The methods under this category are used to remove items from the cache, grouped by functionality.
1. Cache::forget()
This method removes a single item from the cache with a specified key parameter:
2. Cache::flush()
This method clears all the cache engines. It deletes all the items stored anywhere in the cache:
Incrementing or Decrementing Cache Values
You can adjust the values of an integer value stored in your cache by using the increment and decrement methods, respectively:

Cache::increment(‘key’, $amount);


Cache::decrement(‘key’, $amount);

Laravel cache has many great methods that we have not discussed above, but the above methods are popular. You can get an overview of all the methods in the official Laravel cache documentation.
Cache Commands Explained
Laravel provides commands to make working with Laravel cache easy and fast. Below is the list of all the commands and their functionalities.

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Clear Laravel Cache
This command is used to clear the Laravel cache before it even expires using the terminal/console. For example, you can run the following command:
php artisan cache:clear
Clear Route-Cache
This command is used to clear the route cache of your Laravel application. For example, run the following command to clear your route cache:
php artisan config:cache
Clear Compiled View Files
This command is used to clear the compiled view files of your Laravel application. You can achieve it with the following command:
php artisan view:clear
Database Table
When using the database driver, you need to create a database schema called cache to store the cache data. You may also use the Artisan command to generate a migration with the proper schema:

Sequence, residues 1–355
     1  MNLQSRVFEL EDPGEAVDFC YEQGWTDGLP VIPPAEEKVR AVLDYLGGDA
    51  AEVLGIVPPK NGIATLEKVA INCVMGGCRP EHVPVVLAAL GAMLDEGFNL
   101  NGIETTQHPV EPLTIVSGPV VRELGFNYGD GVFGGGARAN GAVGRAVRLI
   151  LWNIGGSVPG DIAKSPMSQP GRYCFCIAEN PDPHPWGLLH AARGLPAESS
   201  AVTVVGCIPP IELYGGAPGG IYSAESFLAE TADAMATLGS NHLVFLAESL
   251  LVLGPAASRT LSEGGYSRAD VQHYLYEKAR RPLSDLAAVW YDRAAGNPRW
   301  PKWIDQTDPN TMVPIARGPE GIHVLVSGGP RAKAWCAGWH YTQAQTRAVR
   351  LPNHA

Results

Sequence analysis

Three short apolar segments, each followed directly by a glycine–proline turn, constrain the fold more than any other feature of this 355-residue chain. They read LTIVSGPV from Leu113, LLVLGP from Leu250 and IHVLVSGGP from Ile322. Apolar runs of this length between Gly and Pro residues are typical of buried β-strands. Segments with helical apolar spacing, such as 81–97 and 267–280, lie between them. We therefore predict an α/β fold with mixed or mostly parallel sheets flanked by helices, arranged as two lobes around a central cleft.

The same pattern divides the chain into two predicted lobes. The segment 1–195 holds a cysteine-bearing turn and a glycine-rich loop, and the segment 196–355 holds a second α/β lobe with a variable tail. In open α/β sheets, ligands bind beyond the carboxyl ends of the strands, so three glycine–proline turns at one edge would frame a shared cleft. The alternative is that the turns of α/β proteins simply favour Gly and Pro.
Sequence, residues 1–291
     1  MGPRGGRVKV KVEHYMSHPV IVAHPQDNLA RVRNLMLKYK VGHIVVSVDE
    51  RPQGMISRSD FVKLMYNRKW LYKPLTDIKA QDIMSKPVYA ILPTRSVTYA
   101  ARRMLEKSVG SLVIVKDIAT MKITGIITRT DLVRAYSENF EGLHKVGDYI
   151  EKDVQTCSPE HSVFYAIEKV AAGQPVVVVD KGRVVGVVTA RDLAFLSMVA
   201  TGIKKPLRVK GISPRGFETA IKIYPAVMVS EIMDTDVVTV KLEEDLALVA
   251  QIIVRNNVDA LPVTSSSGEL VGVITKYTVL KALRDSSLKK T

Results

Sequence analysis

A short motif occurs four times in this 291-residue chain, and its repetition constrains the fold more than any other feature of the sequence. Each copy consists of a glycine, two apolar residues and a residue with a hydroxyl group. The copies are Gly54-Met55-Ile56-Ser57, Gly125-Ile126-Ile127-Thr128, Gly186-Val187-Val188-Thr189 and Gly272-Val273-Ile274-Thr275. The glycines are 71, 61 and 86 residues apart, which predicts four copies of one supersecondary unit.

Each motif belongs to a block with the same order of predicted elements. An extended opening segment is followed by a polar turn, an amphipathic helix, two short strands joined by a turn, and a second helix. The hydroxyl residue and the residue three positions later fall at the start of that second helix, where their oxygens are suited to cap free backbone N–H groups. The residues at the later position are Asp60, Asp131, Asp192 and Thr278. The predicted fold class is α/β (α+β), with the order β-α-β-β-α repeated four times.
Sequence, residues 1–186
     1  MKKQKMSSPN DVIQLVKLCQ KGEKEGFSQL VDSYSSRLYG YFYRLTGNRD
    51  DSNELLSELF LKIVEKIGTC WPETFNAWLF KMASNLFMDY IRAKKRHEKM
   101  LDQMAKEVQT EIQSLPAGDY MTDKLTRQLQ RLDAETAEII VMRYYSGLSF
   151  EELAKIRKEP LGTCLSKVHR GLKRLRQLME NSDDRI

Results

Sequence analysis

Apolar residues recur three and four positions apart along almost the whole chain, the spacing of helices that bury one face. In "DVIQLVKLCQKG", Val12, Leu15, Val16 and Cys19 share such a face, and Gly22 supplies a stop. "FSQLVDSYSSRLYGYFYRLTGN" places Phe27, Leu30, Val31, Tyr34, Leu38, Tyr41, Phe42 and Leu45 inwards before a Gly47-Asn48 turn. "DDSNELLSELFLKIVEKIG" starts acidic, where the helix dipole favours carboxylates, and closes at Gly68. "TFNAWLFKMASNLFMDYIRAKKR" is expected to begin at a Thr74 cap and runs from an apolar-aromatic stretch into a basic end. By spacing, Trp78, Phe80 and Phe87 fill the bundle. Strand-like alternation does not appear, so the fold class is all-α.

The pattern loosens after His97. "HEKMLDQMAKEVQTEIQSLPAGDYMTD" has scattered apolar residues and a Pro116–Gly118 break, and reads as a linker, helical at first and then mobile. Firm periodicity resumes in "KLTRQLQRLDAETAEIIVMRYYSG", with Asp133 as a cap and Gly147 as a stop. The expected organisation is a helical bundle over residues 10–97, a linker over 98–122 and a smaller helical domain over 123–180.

php artisan cache:table
Laravel Caching Strategies
Depending on your application use case and data structure, several different cache strategies are likely available to you. You can even create a custom strategy to fit your needs. Below we’ll go over the list of popular caching strategies you can implement in your Laravel project.
In the writeThrough strategy, the cache server sits between the requests and the database server, making every write operation go through the cache server before going to the Database Server. Thus, the writeThrough caching strategy is similar to the readThrough strategy.
You can implement this strategy with the Laravel cache with the following code:
public function writeThrough($key, $data, $minutes) {
$cacheData = Cache::put($key, $data, $minutes)

// Database Server is called from(after) the Cache Server.
return $cacheData

private function storeToDB($data){
return true
writeBack (writeBehind)
This strategy is a more advanced way of implementing the writeThrough strategy by adding writing operations delays.
You can also call this the writeBehind strategy because of the delay in time applied to the cache server before writing the data to the database server.
You can implement this strategy with the Laravel cache with the following code:
$durationToFlush = 1; // (in minute)
$tempDataToFlush = [];

public function writeBack($key, $data, $minutes){
return $this->writeThrough($key, $data, $minutes);

public function writeThrough($key, $data, $minutes) {
$cacheData = Cache::put($key, $data, $minutes);
return $cacheData;

// Stores new data to temp Array for updating
private function storeForUpdates($data){
$tempData = {};
$tempData[‘duration’] = this.getMinutesInMilli();
$tempData[‘data’] = data;
array_push($tempDataToFlush, data);

// Converts minutes to millisecond
private function getMinutesInMilli(){
$currentDate = now();
$futureDate = Carbon(Carbon::now()->timestamp + $this->durationToFlush * 60000)
return $futureDate->timestamp

// Calls to update the Database Server.
public function updateDatabaseServer(){
foreach($this->tempDataToFlush as $index => $obj){
if($obj->duration timestamp){
array_splice($this->tempDataToFlush, $index, 1);
The writeBack method calls to the writeThrough method, which stores the data to the cache server and a temporary array to be pushed later to the database server using the updateDatabaseServer method. You can set up a CronJob to update the database server every five minutes.
This strategy allows all the write operations to go directly to the database server without updating the cache server — only during the read operations is the cache server updated.